get next to you and then hand the camera to someone. In this case, they actually went to the row
in front of me looking up. And I’m thinking, you know, they’re very young
and I’m old. I don’t want to crawl over these seats down
here. So there was an awkward moment while we were
all trying to figure out how to handle the situation, when my son leaned over to me and
said, dad, they want you to take their picture. They had no idea. One must be humble. So I’ve gotten used to celebrityhood. I’ve also gotten used to being on television
in front of millions of people. I don’t think much about it now. But that’s not true of most of our players. And as a result, sometimes, they, in nervousness,
will say silly things. We had one case, and this had nothing to do
with nerves. This was something else. And this would not have happened if this player
had been educated in this place. It was during a college week, of all things. And a young man, a college junior, as I recall,
was working on the puzzle, which was as follows– mythological hero Achilles. And he was struggling. And all the letters got up there. So all he had to do was read it. He said, and I quote, “mythological hero ‘a-shill-eyes.'” [LAUGHTER]
So obviously, we couldn’t accept that. And look, I’m not making fun because people
make mistakes. But what was rather appalling was his attitude
about it. He was pretty unapologetic. And as we went to commercial, he leaned over
to me and said, well, I’m a business major, as if that excused things. And that speaks to a growing idea in this
country that secondary and higher education is about job training and not about learning
the things that make us better people and better citizens. These graduates here chose a different path,
a path that is certainly more difficult, certainly more challenging, but as you’ve heard from
them today, certainly more rewarding. They chose a path that recognizes the need
for an education that includes, as the mission statement here says, instruction in good character
and civic virtue. And when I’m not selling vowels, as you heard,
I’m the Vice Chairman of the Board of Trustees of Hillsdale College. And putting my family aside, there’s nothing
in my life of which I’m more proud. I was there as plans evolved for Hillsdale’s
Barney Charter School Initiative. I’ve had the opportunity to work with Steve
Barney, an amazingly dedicated and generous man who feels strongly about the direction
of education and has forcefully and successfully begun to do something about it. We were just at the spring commencement meeting,
the board meeting. And you should know that every board member,
every member of the staff, faculty at Hillsdale, and some of whom you heard are here today,
really salutes what you’ve done and is behind you. And they are so excited about this first graduating
class. When you’re asked to give a commencement address,
the first thing you think about is, what can you possibly tell these young men and women
that they don’t already know? Especially here at Founders, where simply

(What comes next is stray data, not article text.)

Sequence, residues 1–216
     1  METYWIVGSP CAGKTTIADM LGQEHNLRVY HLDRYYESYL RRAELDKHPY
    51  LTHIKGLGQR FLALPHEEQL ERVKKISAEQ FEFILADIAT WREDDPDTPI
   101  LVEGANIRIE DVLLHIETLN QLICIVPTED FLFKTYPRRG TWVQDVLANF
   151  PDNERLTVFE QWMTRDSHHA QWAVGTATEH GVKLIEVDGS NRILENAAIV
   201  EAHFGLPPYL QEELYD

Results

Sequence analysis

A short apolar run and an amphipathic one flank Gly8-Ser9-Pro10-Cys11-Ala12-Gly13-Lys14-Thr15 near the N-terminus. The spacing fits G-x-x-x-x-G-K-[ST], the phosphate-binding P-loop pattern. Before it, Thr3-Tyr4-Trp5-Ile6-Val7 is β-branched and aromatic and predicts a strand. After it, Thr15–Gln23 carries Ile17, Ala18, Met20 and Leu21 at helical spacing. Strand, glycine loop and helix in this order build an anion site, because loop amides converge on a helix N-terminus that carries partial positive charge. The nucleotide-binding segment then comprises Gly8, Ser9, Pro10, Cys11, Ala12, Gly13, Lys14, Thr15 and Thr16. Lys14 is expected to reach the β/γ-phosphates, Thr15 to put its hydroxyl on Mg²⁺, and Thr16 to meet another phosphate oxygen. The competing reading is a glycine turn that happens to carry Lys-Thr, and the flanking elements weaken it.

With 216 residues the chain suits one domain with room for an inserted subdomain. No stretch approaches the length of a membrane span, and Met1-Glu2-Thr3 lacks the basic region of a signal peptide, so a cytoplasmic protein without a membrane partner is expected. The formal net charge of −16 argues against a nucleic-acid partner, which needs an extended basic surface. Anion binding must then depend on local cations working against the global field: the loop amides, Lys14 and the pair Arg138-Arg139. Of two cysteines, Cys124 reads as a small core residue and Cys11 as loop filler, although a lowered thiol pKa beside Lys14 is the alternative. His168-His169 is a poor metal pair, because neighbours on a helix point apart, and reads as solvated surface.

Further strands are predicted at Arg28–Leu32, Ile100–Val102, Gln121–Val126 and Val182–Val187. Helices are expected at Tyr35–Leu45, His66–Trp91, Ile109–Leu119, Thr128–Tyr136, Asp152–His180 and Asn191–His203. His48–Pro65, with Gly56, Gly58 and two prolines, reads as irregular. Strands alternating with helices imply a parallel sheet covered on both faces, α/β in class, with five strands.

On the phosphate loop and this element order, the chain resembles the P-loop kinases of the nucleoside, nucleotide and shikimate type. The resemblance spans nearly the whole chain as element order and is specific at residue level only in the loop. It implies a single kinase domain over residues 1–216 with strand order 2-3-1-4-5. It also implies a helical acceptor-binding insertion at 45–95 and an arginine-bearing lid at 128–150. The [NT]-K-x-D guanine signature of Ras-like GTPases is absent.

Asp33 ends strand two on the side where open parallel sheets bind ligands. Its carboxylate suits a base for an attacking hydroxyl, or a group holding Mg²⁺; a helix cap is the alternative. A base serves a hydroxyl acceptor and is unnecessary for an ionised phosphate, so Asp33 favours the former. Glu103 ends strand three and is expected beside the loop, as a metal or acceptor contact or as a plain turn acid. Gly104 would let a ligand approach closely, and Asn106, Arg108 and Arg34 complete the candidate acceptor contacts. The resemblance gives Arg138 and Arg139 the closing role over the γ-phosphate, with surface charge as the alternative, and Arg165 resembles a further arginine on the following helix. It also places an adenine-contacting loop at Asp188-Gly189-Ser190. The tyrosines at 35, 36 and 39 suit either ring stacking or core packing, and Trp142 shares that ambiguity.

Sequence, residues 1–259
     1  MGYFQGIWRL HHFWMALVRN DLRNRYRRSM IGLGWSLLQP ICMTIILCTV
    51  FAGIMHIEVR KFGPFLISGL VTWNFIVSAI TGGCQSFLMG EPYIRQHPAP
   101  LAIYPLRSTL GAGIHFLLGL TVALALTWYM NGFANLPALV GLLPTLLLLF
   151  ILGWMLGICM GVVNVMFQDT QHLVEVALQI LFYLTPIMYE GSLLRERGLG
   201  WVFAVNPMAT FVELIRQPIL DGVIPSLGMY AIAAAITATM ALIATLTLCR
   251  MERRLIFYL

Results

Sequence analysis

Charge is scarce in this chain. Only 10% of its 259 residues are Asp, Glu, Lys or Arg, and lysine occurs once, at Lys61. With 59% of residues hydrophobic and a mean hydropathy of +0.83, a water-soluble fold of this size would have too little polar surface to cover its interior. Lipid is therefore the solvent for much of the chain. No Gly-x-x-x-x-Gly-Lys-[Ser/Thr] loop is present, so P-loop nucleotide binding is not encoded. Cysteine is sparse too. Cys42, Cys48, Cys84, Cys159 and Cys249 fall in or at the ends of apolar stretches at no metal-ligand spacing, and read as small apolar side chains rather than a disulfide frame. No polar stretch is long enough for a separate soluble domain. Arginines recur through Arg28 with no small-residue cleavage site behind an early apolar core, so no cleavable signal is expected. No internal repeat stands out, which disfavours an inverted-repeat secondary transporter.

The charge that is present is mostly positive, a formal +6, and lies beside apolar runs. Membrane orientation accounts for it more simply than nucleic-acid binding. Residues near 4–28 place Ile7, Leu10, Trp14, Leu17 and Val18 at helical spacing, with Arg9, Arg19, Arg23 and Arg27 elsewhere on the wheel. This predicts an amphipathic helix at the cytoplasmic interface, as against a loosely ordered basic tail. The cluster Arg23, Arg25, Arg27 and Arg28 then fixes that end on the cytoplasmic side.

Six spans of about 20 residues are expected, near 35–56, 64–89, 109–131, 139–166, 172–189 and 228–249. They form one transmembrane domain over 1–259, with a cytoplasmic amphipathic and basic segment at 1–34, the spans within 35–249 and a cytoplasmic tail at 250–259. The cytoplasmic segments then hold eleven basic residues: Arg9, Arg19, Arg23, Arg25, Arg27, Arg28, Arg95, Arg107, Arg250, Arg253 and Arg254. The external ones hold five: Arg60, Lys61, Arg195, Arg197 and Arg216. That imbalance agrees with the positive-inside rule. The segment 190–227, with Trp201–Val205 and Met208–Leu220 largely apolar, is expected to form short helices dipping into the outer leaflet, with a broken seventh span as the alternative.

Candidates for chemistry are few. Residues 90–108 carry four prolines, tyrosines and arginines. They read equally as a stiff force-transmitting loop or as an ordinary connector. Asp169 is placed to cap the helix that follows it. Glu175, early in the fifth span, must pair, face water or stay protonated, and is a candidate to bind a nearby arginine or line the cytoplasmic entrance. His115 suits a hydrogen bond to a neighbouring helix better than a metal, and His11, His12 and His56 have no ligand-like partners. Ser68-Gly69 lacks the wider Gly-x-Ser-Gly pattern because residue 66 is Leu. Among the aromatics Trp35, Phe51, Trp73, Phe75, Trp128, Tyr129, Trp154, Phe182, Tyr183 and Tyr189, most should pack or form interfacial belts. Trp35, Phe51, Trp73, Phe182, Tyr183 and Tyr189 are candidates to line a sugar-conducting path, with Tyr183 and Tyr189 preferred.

because you chose to be educated in this particular way, I already know a great deal about them. I have a sense of their ambition and of their
standards. I have a pretty good idea of where their moral
compass points. And I know they’re not afraid of challenges. I know they have people in their lives who
care deeply about them. And I know that their futures will be filled
with accomplishments and good works. In short, I’m not sure there’s much need to
try to inspire a group like this. They have already been inspired. And what they’ve accomplished is inspiring. So let me instead suggest a pitfall to avoid
going forward, a pitfall not only for recent graduates, but for everyone in every corner
of American society. It has altered the way we talk to one another,
the way we perceive one another. It has perverted the notion of free speech,
poisoned the academic environment. It has turned the American political system
on its head, creating a situation where opposing views are not only unwelcomed, they are deemed
to be signs of evil intent. It has pitted friend against friend, coworker
against coworker, and has even caused rifts within families. I’m talking about identity politics, the attempt
not to unite us as Americans, but to divide us and set us against each other. The attempt to classify and categorize us
by all sorts of measurements and standards. The attempt to subvert the values of some
by proclaiming a new, superior set of values. And to a great degree, those who are making
these attempts are succeeding. And their efforts are changing our country
in fundamental ways. We are all members of groups. I’m of Polish descent. I’m a baby boomer, one of those tens of millions
born in the aftermath of World War II. I’m a male. I’m Caucasian. A proud Caucasian, by the way. But while all of these facts helped shape
me to varying degrees, I am mostly Pat Sajak. I am a unique individual, created by God and
blessed to be born in a country whose founders believed that that very creation endowed me
with unalienable rights– among them, life, liberty, and the pursuit of happiness. I grew up in an industrial area of Chicago. My parents were divorced. We often struggled to make ends meet, but
our struggles were no greater than millions of others. And I always believed that I could and I would
overcome them. It never occurred to me that I was the hopeless
victim of a system or that the success of others was inhibiting my ability to succeed. Envy and anger and resentment, these were
wastes of time and energy. I always believed that an individual by the
name of Pat Sajak would make something of himself. And I don’t mean becoming a TV personality. I mean improving my life, making a difference
in the lives of others, and growing up to become a contributing citizen of this great
country. Today, this graduating class is made up of
11 individuals who have worked hard to be in this place and in this situation. They are from various backgrounds. Each of them has to deal with a unique set